Charities hope for giving moods

Published 9:13 am Wednesday, December 2, 2009

FRANKLIN—Despite the uncertainties surrounding layoffs and an economy that has yet to recover, local charities are hoping that people will continue to give this holiday season.

In fact, many charities depend on holiday donations to get them through slower months, particularly in the summer, when the need is still constant but donations aren’t.

“This is always a busy time for us,” said Veronica Ferguson, the executive director of the Franklin Cooperative Ministry. “This is the time when people are thinking of us.”

The Franklin Cooperative Ministry is a nonprofit agency run by churches in Franklin, Southampton County, southern Isle of Wight County and southwestern portions of Suffolk. It provides a food pantry, clothing closet, temporary prescription assistance and minimal financial assistance in cases where utilities are in danger of being disconnected or there is a threat of eviction.

Given the special circumstances this year, local charities say that it’s even more important that people continue to donate.

The Franklin/Southampton Area United Way is one of more than 1,300 United Way chapters across the country. The United Way acts as a coalition to help pool fundraising and support efforts for a number of different charities.

Anne Bryant, executive director of the Franklin/Southampton Area United Way, said donations from International Paper and its employees have traditionally accounted for 40 to 50 percent of the United Way’s donations.

“Our fundraising will be very different in the future, because we’ve depended on the support of International Paper,” she said.

However, the company still plans to make “a very generous donation to the current campaign,” Bryant said.

Last year, the local chapter of the United Way raised more than $200,000, and the goal is to raise at least the same amount this year. So far, the organization is $35,000 short of its goal, but Bryant noted that a number of campaigns in different workplaces are still out and she’s “cautiously optimistic” they will meet their goal.

“We still need contributions,” Bryant said. “The needs are going to be growing.”

Ferguson said the Cooperative Ministry, which is a United Way partner, is also heavily dependent on contributions from IP workers.

She noted that the organization has already seen the need for all types of assistance rise dramatically over the past year — and the impact from IP hasn’t even been felt yet.

“At this point, (food) comes in and it goes out,” she said. “We are not turning anything down.”

The ministry provides emergency bags of food for people who don’t qualify for benefits through social services or as a stopgap until benefits are granted. The bags contain about $20 worth of canned goods, cereal, spaghetti and other nonperishable foods.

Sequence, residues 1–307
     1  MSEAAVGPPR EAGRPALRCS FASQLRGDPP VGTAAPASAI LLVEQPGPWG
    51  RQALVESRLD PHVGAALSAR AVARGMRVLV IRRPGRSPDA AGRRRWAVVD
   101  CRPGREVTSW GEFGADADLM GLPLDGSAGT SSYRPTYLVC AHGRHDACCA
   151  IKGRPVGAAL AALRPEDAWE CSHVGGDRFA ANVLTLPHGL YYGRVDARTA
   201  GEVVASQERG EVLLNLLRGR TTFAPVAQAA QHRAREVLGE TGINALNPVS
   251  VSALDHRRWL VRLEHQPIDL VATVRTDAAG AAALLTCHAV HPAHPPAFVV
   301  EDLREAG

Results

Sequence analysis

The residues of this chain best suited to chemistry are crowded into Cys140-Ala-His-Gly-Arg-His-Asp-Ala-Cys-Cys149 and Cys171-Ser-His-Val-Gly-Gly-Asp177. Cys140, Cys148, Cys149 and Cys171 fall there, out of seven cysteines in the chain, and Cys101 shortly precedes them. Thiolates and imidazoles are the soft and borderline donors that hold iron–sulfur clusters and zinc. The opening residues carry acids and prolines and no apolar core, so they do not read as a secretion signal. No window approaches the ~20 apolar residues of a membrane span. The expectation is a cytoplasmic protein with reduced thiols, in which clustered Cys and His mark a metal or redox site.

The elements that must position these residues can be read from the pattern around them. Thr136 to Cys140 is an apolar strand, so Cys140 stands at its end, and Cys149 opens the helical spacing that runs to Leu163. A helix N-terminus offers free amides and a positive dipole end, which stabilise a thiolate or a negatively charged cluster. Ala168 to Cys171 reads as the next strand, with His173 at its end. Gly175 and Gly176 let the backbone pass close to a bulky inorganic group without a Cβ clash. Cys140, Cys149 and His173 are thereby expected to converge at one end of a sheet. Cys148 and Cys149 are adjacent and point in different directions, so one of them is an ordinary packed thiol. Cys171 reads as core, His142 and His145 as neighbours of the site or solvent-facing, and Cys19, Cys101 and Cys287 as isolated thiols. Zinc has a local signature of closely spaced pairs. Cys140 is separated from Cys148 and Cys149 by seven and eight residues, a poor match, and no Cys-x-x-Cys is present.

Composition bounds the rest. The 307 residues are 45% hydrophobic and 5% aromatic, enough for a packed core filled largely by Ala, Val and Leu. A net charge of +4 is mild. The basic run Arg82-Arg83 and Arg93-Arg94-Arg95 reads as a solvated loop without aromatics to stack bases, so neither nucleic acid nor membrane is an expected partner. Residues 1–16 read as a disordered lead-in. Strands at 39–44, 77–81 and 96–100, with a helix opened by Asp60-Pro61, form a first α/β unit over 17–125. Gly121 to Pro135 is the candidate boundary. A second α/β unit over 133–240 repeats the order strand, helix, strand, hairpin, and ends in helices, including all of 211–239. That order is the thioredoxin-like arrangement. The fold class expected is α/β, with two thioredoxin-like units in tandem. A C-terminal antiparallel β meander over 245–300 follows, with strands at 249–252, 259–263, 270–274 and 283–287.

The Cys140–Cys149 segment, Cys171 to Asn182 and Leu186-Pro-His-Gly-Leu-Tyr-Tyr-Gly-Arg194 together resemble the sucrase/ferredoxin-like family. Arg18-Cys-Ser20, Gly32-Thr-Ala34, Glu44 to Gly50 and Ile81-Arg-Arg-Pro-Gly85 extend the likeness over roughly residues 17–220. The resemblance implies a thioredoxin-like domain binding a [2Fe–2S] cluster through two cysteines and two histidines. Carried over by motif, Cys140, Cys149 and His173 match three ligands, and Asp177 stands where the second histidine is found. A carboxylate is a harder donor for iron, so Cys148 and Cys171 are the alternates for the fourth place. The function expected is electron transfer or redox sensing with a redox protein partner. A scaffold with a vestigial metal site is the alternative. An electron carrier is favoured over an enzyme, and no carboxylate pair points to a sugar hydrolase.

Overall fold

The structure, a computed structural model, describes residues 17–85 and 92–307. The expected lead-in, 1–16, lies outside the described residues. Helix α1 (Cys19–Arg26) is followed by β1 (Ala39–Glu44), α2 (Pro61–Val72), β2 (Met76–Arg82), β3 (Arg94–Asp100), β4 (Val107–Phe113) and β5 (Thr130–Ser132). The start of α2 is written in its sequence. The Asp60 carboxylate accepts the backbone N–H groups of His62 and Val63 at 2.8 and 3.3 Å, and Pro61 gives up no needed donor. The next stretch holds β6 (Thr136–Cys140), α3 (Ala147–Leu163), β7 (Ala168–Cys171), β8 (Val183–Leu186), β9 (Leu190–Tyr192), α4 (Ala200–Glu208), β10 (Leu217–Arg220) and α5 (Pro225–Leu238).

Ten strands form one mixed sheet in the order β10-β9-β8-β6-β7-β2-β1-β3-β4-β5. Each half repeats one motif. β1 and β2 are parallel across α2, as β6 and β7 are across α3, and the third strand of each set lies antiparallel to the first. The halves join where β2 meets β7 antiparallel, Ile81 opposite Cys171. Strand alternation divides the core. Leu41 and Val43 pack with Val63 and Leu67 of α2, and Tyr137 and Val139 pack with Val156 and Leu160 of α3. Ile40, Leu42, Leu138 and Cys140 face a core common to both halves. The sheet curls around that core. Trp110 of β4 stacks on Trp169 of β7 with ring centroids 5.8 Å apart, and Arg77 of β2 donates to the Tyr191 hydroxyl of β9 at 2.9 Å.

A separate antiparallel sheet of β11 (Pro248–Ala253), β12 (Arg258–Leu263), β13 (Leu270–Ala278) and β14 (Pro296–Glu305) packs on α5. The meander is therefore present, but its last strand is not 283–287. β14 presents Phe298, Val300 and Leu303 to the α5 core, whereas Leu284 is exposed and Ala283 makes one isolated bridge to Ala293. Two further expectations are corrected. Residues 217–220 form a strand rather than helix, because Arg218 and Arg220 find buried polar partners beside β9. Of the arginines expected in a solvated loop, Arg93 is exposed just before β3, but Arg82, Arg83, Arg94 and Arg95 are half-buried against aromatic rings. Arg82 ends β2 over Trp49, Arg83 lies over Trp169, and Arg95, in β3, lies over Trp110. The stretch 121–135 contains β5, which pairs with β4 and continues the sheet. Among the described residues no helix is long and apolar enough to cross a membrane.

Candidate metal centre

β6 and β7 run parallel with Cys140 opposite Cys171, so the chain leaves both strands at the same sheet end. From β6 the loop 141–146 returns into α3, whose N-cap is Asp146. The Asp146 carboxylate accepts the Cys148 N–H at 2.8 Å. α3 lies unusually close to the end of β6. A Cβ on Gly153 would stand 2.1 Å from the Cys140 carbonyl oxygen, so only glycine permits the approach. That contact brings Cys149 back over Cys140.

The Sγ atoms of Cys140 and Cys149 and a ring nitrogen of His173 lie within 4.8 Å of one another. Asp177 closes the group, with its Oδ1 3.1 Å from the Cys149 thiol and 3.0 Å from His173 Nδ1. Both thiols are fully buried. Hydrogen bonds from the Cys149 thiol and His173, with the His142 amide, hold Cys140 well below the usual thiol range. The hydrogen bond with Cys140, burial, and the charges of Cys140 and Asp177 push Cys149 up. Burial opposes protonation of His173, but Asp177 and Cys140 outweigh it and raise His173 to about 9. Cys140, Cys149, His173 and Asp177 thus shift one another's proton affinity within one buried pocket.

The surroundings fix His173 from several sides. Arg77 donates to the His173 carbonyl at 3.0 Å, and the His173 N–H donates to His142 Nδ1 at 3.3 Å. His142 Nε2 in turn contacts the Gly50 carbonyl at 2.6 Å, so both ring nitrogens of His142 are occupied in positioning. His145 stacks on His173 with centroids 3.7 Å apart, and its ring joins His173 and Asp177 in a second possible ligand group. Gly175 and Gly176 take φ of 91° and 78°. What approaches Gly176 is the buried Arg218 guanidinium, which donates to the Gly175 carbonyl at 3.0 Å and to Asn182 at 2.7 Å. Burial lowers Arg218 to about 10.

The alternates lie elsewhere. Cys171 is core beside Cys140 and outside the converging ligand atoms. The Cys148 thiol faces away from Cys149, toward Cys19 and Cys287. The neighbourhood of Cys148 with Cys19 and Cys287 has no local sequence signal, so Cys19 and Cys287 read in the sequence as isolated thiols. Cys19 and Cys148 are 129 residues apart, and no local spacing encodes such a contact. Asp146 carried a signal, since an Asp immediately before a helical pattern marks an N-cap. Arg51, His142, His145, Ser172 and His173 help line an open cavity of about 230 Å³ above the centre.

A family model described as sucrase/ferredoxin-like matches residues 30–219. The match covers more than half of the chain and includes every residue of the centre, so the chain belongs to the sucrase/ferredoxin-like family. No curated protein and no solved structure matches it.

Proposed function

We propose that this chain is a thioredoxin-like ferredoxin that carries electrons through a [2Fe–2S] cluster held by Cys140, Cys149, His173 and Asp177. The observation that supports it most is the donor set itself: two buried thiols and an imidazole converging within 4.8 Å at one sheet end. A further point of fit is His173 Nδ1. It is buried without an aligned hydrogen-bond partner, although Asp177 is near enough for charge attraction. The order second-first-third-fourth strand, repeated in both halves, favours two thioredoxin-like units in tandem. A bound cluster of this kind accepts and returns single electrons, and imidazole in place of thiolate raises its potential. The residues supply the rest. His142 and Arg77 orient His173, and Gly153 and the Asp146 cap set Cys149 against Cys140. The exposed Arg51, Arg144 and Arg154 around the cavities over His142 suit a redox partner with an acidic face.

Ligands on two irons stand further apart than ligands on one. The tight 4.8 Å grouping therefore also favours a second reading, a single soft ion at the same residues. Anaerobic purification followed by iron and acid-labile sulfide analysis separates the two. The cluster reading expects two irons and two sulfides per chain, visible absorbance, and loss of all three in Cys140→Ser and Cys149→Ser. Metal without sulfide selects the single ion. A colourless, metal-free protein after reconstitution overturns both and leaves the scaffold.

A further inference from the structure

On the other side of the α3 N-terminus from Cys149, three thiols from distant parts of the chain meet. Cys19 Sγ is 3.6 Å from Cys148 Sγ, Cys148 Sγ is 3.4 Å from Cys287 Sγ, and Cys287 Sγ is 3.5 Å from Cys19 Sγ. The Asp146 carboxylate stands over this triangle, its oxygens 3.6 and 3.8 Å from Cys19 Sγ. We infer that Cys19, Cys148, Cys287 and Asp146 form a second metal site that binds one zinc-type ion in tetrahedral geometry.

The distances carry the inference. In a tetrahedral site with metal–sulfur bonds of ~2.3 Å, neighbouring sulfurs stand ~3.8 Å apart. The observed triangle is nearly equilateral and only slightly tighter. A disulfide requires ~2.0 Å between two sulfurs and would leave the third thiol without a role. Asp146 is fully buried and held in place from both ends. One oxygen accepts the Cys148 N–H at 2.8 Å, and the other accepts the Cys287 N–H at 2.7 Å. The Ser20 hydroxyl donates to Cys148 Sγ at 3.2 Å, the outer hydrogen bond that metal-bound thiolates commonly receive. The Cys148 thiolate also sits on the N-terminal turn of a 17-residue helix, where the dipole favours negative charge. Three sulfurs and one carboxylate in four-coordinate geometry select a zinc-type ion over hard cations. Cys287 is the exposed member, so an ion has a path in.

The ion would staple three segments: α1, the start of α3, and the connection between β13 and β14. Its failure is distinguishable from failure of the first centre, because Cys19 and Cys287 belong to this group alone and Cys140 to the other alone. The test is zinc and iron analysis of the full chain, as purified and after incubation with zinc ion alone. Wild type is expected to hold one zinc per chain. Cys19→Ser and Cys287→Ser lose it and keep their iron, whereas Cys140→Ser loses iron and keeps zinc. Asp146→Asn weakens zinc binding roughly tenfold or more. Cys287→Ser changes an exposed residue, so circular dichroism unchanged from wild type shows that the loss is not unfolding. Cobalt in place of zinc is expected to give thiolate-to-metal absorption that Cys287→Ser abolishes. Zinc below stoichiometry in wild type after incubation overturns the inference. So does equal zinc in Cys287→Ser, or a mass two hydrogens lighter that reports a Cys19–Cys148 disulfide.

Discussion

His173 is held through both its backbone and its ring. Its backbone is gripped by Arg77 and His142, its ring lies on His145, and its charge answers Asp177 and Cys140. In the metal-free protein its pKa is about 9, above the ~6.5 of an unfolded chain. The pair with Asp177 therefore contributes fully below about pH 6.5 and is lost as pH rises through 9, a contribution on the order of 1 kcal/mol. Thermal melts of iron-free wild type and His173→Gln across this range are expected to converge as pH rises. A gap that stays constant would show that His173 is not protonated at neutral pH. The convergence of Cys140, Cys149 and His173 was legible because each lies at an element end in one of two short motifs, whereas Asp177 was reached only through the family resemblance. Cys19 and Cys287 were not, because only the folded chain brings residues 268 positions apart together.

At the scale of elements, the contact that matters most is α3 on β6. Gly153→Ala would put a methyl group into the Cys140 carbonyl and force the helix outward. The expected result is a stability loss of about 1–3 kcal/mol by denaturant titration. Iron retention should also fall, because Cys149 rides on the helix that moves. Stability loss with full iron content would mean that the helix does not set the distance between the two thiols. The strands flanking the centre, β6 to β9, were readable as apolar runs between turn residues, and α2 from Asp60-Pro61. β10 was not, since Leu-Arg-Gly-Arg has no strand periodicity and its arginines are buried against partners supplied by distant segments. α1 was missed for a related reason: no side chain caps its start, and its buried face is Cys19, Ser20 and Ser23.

Last year, the ministry gave out 387 emergency bags of food. This year, more than 700 have been distributed, with another month left to go. Ferguson expects the need to grow as more workers are laid off at IP.

“This office is going to be hit,” she said. “We’re trying to plan, but we can’t plan until everything falls into place.”

Catholic Charities of Eastern Virginia, which is also a United Way partner, experienced an exceptional year of fundraising in 2008, despite the economic turmoil. Catholic Charities provides emergency food services, as well as housing and utility assistance and counseling services.

“Last Christmas, our appeal was higher than it’s ever been,” said Jessica Lombardi, the director of development for Catholic Charities of Eastern Virginia. She didn’t have any estimates as to what was expected this year.

“I just pray that it’s as good as it was last year,” she said.

Maj. Lewis Reckline of the Tidewater Command of the Salvation Army said donations held steady last year, but are down so far this year.

“We’re about 20 percent behind the same point last year,” he said. However, he is hopeful that donations will pick up as Christmas draws closer, or some services may have to altered. The Salvation Army provides Christmas assistance programs, disaster relief, community centers and adult rehabilitation centers.

“We understand that it’s a tough time,” Reckline said. “We’re going to work through it.”

Bryant is optimistic that people will continue to donate to charities.

“Support from the community has still been very good,” she said. “I believe people want to give and they will give.”